Beware, though, kids may want to wear their underwear like the veggies—without any clothes on top.

VEGGIES WITH WEDGIES

The vegetables in Farmer John’s garden learn all about underwear in Doodler’s latest.

Those who find underwear funny (mostly kids between 2 and 7) will have no problem overlooking the facts presented here: The veggies aren’t rooted in the ground; they have no hands, legs or butt cheeks to speak of; and they don’t have clothes to wear underwear under. None of this prevents them from checking out the many pairs of tighty whities (all different sizes) on the laundry line above their garden patch, wondering what they are for, and finally trying them on in various ways until Carrot finally sets them straight. Bad fits result in the titular wedgies, so they swap underwear until most are wedgie-free. While adults will surely cringe at the entire package, these veggies will have kids looking at their underwear in new ways. For those making the transition from diapers, this could be a turning point, especially considering the catchy jingle the vegetables sing at the end. Doodler’s characters convey a lot of emotion with just round eyes and simple mouths, though it’s too bad that Carrot, a seeming underwear expert, is stereotypically portrayed wearing glasses. But really, what’s not to like (if you’re very young) about digital vegetables with underwear on?

Beware, though, kids may want to wear their underwear like the veggies—without any clothes on top. (Picture book. 2-5)

Pub Date: May 6, 2014

ISBN: 978-1-4424-9340-7

Page Count: 32

Publisher: Little Simon/Simon & Schuster

Review Posted Online: March 17, 2014

Kirkus Reviews Issue: April 1, 2014

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A good choice for caregivers looking for a positive, uncomplicated introduction to a new baby that focuses on everything an...

I AM A BIG BROTHER

A little boy exults in his new role as big brother.

Rhyming text describes the arrival of a new baby and all of the big brother’s rewarding new duties. He gets to help with feedings, diaper changes, playtime, bathtime, and naptime. Though the rhyming couplets can sometimes feel a bit forced and awkward, the sentiment is sweet, as the focus here never veers from the excitement and love a little boy feels for his tiny new sibling. The charming, uncluttered illustrations convincingly depict the growing bond between this fair-skinned, rosy-cheeked, smiling pair of boys. In the final pages, the parents, heretofore kept mostly out of view, are pictured holding the children. The accompanying text reads: “Mommy, Daddy, baby, me. / We love each other—a family!” In companion volume I Am a Big Sister, the little boy is replaced with a little girl with bows in her hair. Some of the colors and patterns in the illustrations are slightly altered, but it is essentially the same title.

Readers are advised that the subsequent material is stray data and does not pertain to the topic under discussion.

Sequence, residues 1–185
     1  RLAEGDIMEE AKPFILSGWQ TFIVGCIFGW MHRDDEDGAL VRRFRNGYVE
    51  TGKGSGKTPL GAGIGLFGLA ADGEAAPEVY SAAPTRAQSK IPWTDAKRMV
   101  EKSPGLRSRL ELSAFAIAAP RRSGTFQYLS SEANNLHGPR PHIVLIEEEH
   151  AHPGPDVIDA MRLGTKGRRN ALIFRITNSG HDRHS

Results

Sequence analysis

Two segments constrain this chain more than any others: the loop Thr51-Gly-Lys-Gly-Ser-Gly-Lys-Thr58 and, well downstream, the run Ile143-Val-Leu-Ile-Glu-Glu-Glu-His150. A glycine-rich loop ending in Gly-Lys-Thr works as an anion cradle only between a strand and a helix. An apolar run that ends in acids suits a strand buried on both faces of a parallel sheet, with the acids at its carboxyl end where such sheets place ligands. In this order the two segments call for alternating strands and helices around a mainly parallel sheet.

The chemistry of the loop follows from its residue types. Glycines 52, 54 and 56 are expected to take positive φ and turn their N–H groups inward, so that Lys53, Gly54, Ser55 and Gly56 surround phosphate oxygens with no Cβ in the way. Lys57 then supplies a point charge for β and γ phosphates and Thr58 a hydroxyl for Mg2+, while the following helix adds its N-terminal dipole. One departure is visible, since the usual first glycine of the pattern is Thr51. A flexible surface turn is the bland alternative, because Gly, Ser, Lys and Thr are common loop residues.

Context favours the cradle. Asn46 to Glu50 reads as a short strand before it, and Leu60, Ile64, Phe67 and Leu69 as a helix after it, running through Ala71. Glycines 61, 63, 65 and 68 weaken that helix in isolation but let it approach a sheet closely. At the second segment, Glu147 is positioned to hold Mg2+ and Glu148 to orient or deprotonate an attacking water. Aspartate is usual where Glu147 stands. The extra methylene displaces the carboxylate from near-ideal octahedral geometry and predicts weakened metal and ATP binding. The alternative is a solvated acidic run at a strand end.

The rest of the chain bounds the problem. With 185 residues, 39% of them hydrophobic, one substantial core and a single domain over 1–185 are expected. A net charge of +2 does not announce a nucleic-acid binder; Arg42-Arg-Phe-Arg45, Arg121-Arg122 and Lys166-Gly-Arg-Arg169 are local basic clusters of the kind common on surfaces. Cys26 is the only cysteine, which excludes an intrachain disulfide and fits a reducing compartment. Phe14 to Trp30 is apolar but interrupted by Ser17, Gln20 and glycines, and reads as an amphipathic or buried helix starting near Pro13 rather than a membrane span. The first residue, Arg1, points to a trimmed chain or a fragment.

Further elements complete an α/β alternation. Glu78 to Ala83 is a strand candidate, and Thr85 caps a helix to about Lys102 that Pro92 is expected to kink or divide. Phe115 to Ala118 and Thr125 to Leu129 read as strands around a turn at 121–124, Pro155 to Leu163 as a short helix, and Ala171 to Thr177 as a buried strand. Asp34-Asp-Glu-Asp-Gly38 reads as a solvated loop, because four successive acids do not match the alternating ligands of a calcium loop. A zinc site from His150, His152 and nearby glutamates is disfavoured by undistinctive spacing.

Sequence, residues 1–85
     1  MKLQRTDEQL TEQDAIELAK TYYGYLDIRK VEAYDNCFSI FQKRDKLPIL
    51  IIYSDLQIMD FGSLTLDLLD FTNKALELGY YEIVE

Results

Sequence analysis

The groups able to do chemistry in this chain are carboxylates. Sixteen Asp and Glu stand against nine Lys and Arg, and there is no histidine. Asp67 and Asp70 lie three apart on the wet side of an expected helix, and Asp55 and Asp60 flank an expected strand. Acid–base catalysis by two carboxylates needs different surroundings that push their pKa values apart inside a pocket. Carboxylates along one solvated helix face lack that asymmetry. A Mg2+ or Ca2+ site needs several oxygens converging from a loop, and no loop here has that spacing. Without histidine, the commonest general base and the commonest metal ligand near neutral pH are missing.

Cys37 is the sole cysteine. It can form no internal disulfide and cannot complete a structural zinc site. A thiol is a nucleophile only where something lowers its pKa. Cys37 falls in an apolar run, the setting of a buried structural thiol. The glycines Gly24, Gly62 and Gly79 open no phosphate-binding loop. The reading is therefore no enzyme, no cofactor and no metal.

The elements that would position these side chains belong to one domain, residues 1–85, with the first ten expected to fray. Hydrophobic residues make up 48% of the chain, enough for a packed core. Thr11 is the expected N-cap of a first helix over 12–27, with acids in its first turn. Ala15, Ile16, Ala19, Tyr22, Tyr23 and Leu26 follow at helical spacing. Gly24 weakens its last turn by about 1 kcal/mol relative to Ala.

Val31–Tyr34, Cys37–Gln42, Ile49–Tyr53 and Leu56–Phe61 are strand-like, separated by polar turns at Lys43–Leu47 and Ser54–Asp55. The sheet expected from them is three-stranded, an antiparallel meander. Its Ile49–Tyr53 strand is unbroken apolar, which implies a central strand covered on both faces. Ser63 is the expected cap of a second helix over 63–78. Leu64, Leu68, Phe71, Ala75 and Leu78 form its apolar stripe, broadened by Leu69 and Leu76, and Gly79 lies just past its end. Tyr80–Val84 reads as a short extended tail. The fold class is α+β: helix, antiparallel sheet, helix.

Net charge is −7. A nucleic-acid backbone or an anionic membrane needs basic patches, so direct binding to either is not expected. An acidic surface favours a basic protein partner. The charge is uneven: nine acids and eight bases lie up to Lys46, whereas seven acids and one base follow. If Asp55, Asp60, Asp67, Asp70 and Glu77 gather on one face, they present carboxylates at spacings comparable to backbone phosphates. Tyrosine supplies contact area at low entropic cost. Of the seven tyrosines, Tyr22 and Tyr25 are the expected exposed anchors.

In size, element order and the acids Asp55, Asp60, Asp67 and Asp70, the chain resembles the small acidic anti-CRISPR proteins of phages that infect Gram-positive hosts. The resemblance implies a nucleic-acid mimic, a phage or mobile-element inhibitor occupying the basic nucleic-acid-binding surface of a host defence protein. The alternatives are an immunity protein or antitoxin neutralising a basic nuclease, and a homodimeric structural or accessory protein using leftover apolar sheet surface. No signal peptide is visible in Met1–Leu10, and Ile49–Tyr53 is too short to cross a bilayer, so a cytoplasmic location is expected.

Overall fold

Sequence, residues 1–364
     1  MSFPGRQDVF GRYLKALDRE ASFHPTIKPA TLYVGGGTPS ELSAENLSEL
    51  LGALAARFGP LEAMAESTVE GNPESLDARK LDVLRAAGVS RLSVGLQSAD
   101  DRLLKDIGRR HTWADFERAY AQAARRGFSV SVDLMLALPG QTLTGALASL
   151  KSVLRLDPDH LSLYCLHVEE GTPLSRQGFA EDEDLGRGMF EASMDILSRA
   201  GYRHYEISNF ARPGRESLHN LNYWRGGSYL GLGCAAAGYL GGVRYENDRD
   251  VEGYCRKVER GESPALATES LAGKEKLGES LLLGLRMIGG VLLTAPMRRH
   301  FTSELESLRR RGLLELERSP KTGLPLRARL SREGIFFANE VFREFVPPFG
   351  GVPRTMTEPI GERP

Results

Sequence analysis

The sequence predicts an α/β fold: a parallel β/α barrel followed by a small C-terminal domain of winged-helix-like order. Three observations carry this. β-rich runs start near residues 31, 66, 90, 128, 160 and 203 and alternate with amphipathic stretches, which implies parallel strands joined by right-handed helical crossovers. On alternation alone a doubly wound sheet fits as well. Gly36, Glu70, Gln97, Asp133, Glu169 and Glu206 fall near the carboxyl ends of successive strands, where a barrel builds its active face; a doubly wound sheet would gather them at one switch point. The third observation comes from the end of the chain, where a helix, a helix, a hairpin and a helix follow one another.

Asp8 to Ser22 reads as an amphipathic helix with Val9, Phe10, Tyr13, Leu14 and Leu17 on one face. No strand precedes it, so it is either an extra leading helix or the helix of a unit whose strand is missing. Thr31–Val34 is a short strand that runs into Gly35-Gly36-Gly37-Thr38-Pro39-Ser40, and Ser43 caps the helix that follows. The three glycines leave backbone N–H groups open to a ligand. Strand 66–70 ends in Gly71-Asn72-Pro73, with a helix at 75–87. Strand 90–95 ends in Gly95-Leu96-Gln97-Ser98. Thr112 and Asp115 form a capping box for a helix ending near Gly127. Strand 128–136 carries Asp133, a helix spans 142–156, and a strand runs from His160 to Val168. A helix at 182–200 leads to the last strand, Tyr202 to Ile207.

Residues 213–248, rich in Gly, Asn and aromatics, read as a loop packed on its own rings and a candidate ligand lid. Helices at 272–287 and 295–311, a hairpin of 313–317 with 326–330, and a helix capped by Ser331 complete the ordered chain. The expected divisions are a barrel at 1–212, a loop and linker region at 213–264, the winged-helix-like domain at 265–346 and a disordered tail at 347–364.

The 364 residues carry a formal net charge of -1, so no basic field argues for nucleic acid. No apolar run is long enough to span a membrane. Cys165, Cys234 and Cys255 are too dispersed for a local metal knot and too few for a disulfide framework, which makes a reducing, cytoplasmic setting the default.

A good choice for caregivers looking for a positive, uncomplicated introduction to a new baby that focuses on everything an older sibling can do to help. (Board book. 2-4)

Pub Date: Jan. 27, 2015

ISBN: 978-0-545-68886-4

Page Count: 24

Publisher: Cartwheel/Scholastic

Review Posted Online: March 17, 2015

Kirkus Reviews Issue: July 1, 2015

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Exciting artwork paired with disappointingly dull text.

KINDNESS GROWS

Rhyming verses about kindness using a consistent metaphor of widening cracks versus blooming plants are amplified by cutouts on each page.

The art and layout are spectacular, from the cover through the double-page spreads near the end. Racially diverse toddlers are shown engaging in various moods and behaviors, some of which create unhappiness and some of which lead to friendship and happiness. Every page’s color palette and composition perfectly complement the narrative. The initial verso shows two children in aggressive stances, backgrounded by a dark, partly moonlit sky. Between them is a slender, crooked cutout. The large-type text reads: “It all / starts / with a / crack / that we can hardly see. / It happens when we shout / or if we disagree.” The recto shows two children in sunlight, with one offering a pretty leaf to the other, and the rhyme addresses the good that grows from kindness. In this image, the crooked die cut forms the trunk of a tiny sapling. Until the final double-page spreads, the art follows this clever setup: dark deeds and a crack on the left, and good deeds and a growing tree on the right. Unfortunately, the text is far from the equal of the art: It is banal and preachy, and it does not even scan well without some effort on the part of whomever is reading it. Still, the youngest children will solemnly agree with the do’s and don’ts, and they may decide to memorize a page or two.

Exciting artwork paired with disappointingly dull text. (Picture book. 3-5)

Pub Date: Sept. 22, 2020

ISBN: 978-1-68010-229-1

Page Count: 32

Publisher: Tiger Tales

Review Posted Online: July 28, 2020

Kirkus Reviews Issue: Aug. 15, 2020

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